For the quantitative analysis of volatile organic compounds (VOC), the use of a proper solvent is crucial to reduce the chance of biased results or effect of interference either in direct analysis by a gas chromatograph (GC) or with thermal desorption analysis due to matrix effects, e.g., the existence of a broad solvent peak tailing that overlaps early eluters. In this work, the relative performance of different solvents has been evaluated using standards containing 19 VOCs in three different solvents (methanol, pentane, and hexane). Comparison of the response factor of the detected VOCs confirms their means for methanol and hexane higher than that of pentane by 84% and 27%, respectively. In light of the solvent vapor pressure at the initial GC column temperature (35°C), the enhanced sensitivity in methanol suggests the potential role of solvent vapor expansion in the hot injector (split ON) which leads to solvent trapping on the column. In contrast, if the recurrent relationships between homologues were evaluated using an effective carbon number (ECN) additivity approach, the comparability assessed in terms of percent difference improved on the order of methanol (26.5%), hexane (6.73%), and pentane (5.24%). As such, the relative performance of GC can be affected considerably in the direct injection-based analysis of VOC due to the selection of solvent.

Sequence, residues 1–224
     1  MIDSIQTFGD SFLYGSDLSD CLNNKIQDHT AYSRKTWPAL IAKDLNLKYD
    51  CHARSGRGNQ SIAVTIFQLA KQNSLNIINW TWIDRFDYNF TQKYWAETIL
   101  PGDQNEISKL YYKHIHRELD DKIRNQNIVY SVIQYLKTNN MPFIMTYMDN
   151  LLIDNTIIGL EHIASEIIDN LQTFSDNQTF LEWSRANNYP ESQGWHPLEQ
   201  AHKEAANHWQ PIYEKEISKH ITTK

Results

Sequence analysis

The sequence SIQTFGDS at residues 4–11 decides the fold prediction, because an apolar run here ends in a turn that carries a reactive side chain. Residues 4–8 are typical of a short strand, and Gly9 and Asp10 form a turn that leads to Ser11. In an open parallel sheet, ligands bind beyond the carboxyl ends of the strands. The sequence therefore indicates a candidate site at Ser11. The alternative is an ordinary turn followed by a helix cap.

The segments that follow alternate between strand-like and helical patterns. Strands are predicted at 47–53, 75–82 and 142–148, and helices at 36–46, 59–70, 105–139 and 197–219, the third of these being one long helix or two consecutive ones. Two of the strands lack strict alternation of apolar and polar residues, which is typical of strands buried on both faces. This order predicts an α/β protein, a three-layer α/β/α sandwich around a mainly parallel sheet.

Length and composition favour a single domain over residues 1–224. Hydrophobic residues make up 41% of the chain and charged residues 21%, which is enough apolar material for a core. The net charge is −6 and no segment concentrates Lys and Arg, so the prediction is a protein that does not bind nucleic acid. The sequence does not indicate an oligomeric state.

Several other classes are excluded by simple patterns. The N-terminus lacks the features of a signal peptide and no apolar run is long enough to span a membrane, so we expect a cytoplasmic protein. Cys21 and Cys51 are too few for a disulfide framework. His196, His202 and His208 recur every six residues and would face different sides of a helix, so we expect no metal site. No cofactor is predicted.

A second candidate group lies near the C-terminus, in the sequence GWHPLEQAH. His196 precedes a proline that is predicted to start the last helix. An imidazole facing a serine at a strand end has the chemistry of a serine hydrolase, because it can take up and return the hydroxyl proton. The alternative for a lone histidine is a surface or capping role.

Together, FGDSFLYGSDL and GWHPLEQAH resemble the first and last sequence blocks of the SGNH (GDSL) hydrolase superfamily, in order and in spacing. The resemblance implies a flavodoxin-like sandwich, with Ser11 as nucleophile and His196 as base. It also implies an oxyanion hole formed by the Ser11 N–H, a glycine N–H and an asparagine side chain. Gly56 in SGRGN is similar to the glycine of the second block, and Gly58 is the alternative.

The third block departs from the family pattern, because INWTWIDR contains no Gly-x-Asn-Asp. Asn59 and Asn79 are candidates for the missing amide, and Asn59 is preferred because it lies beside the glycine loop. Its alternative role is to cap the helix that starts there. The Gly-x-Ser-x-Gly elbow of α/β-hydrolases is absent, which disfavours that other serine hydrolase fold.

- Effective carbon number (ECN)
- Response factor
- Sandwich injection (SI) technique
- Solvent effect
- Volatile organic compound (VOC)
ASJC Scopus subject areas
- Atmospheric Science